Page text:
DIY Spray Gel

In addition to my most recent post on proper conditioning at the beach and the pool, I wanted to share an easy DIY way to benefit from the wonders of hair-taming gel on the go. We all know that moment where we wonder to ourselves: Is it really worth letting loose and diving head-first into the pool, or frolicking with my summer love during high tide, at the risk of my beautiful curls turning into a poodle-y mess? Well, fret no more.

After applying your leave-in conditioner (again, be sure that you have experimented with the right amount of moisturizers so that your hair won’t look super greasy after application), spritz on some homemade spray-gel to keep strands in line.

Take 1/2 cup of your favorite gel and 1 cup of boiling water, stir them together, let it cool, then add it to a spray bottle. Easy-peasy! Experiment with amounts of gel vs. water over time to see what works best for you. Then just lie back on the beach towel and let your beachy-cool locks unveil themselves!

Spray gel recipe by Curly Girl

Advertisements

Beach Beauty

I realized over the weekend, while lounging on the beach under a beating sun, that I should remind y’all to keep your hair hydrated during the summer! We equate winter with harmful drying conditions, but it’s just as likely to happen in the summer when you’re swimming in the pool or ocean and getting lots of sun exposure.

While you should continue the weekly oil or deep conditioning treatments in any case, another handy trick is to bring a bottle of special super-hydrating treatment with you to the beach. What I like is to get one of those little travel-size bottles, and I mix up a combination of quality daily conditioner, deep conditioner, and some hair oil. You want to have something that’s thin enough in consistency that it will not make your hair look all chunky and gross. You also don’t want to use more than necessary.

I slick a dime-sized amount on my long but fine hair, mostly at the ends, before I go into the water so that it is saturated and won’t absorb as much pool or ocean water. When you get out of the water and are back on your towel or chaise, put enough in the palm of your hand to be able to evenly coat both hands with a thin sheen of it. Wipe that through your hair from top to bottom. Always apply product in this way — going the other direction, or even side-to-side, will ruffle the hair’s cuticle and cause it to frizz and break.

If you don’t use too much, it should soak in by the time your hair has dried. If you do use too much, it’s ok, you will just have that beachy-wet look a bit longer. Wash it when you get home either way, since salt and chemicals will still be on the hair.

My recipe:

* 1 Tablespoon Moroccan Oil

* 1 Tablespoon One Condition

* 1 Tablespoon Heaven in Hair

* 2 Drops essential oil of your choice (I like sage or cedar)

Shake it up and enjoy! Depending upon how much you’ll need, adjust amounts accordingly.

Get Wet!

While lounging poolside over Memorial Day Weekend (important side note: thank you so much to our troops, I truly appreciate everything you’re doing for our country!) I read in In Style that the wet hair look is in right now. This is great news for us curl-meisters, we just have to be sure to do it the right way. When I worked for a large publishing house years ago, I’d attract looks of scorn when I’d run into the elevator amongst the most judgmental of beauty editors and fashionistas with my hair still wet from that morning’s shower.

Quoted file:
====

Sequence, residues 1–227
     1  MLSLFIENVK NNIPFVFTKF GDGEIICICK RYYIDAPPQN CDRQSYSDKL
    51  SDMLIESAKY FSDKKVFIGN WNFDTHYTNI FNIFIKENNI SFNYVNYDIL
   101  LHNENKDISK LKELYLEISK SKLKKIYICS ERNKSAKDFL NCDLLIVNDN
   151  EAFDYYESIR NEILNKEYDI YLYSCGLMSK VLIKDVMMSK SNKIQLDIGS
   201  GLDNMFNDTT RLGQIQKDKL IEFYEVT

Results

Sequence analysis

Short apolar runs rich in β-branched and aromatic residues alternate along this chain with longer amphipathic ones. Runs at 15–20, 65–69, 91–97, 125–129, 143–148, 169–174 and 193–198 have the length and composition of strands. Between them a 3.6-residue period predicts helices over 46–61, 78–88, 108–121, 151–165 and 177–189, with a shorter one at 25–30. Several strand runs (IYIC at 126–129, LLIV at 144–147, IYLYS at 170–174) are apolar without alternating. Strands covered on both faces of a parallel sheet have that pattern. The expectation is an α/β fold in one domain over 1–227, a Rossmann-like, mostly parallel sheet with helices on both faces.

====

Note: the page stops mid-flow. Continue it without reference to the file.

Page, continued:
As we all know, diffusers are often more trouble than they’re worth. Curly hair looks best when it’s left to air dry, and in the summer no one wants to go near a hair dryer if they don’t have central air. I’d eschew their silly rules and go wet anyway, and my hair would be dry and glorious by lunch time. It’s just the price you have to pay for bounteous curls. While I was working there, one of the big-name glossies actually had a blog post about how bad wet hair looks at work.

Well, preposterously fickle beauty world, now it’s ok to rock wet hair. This is thanks to new red-carpet looks that favor severely slicked-back ponys and buns. It’s especially beneficial since you can gloss your ends with your favorite oil treatment or conditioning glaze and no one will be the wiser!

How to do it:

1) Wash and condition as usual in the shower. Leave in a touch more conditioner than you normally would, because no one will know and it’s good for your hair. It will also increase drying time, leaving you wetter longer. Skip the gel at this point.

2) Before stepping out, quickly run your head under the water flow one last time, then squeeze mostly dry (don’t scrunch, you want to elongate strands).

3) With your head upside down over the tub, coat the hair nearest your hair line with gel, on top of and under your head. Just one dollop will do. Don’t worry about your ends since they will not be seen. Instead, coat ends with a few drops of an oil serum.

4) Still upside-down, twist all hair into a bun on top of your head (I prefer this step without elastic, keep reading). Straights can do a low ponytail, but we know we’ll end up with a frizzy mess. Buns are best, even if you choose to do a low bun at the nape of your neck to up the class factor.

5) Don’t fasten your bun with an elastic — instead, anchor the bun to your head in the desired position with as many bobby pins as it takes.

6) There should not be any stray hairs hanging out, if you have bangs or really short layers that are not contained in the bun, be sure to bobby-pin them so that they appear to be part of the bun.

I paired my wet bun with a small scarf (think handkerchief-sized, but more chic) from American Apparel for my commute to work in order to soak up the drippings. By the time I got to work, my hair was dry enough to whisk off my scarf, and voila!